Study objectives: Extended duration (≥24 hours) work shifts (EDWSs) are associated with increased risk of motor vehicle crashes, and awareness of any impairment has important implications on legal accountability for any adverse driving outcome. The extent to which adverse driving events were preceded by predrive self-reported sleepiness was evaluated in medical residents after an EDWS.
Methods: Sixteen resident physicians (10 females; 29.2 ± 2.0 years) working EDWS were monitored when driving on their commute to and from the hospital (438 drives). Sleep and work hours were obtained from daily logs, and adverse driving outcomes were captured from a driving log completed at the end of each drive. Self-reported sleepiness (Karolinska Sleepiness Scale; KSS) and objective drowsiness were captured using a time-stamped, hand-held device and infra-red reflectance oculography.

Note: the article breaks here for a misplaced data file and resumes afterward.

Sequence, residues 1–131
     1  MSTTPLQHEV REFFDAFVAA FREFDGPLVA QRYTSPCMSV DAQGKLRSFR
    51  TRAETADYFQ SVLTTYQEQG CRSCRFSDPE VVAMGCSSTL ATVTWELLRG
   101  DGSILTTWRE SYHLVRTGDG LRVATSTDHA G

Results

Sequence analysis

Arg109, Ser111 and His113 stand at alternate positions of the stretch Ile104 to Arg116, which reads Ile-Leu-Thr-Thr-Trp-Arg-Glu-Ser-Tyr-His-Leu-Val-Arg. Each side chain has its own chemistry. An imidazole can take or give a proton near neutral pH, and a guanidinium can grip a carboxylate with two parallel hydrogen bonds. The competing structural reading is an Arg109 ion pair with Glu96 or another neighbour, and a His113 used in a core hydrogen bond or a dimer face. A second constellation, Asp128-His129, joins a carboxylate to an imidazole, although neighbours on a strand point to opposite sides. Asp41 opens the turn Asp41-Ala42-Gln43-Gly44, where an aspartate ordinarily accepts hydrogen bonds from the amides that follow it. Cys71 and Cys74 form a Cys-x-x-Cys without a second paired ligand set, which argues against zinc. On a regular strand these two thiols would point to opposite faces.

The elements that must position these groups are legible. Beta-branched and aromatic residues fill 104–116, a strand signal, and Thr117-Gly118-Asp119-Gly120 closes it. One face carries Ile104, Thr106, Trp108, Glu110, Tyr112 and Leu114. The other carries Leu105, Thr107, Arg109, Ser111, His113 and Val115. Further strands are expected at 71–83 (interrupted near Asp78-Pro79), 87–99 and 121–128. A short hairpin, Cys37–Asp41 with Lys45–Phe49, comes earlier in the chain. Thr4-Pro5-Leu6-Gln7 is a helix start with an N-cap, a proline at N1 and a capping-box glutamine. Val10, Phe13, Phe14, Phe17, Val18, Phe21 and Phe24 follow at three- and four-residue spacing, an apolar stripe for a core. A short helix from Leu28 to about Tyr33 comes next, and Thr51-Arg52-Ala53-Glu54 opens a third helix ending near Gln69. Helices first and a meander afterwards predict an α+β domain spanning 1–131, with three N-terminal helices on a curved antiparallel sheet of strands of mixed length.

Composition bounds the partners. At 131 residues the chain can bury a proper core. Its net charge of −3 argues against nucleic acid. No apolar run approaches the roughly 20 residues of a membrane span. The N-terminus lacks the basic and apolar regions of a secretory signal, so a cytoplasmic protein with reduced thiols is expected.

Results: Self-reported sleepiness and objective indices of drowsiness were positively correlated, and both were elevated following EDWSs. Compared with the commute to work, EDWSs were associated with more than double the self-reported adverse outcomes when driving home, significantly higher than drives to or from the day shift at comparable times of day. EDWSs more than tripled the odds of reporting sleep-related, inattentive, hazardous, or violation-driving events. The number and type of adverse event was predicted by the predrive KSS level and in a dose-dependent manner.
Conclusions: Driving after an EDWS puts resident physicians/drivers and other road users at avoidable and unnecessary risk. Demonstrating self-reported sleepiness at the beginning of the drive is associated with adverse outcomes has serious implications on the legal accountability for driving when drowsy.
Keywords: driving; drowsiness; residents; safety; shift work; sleepiness.
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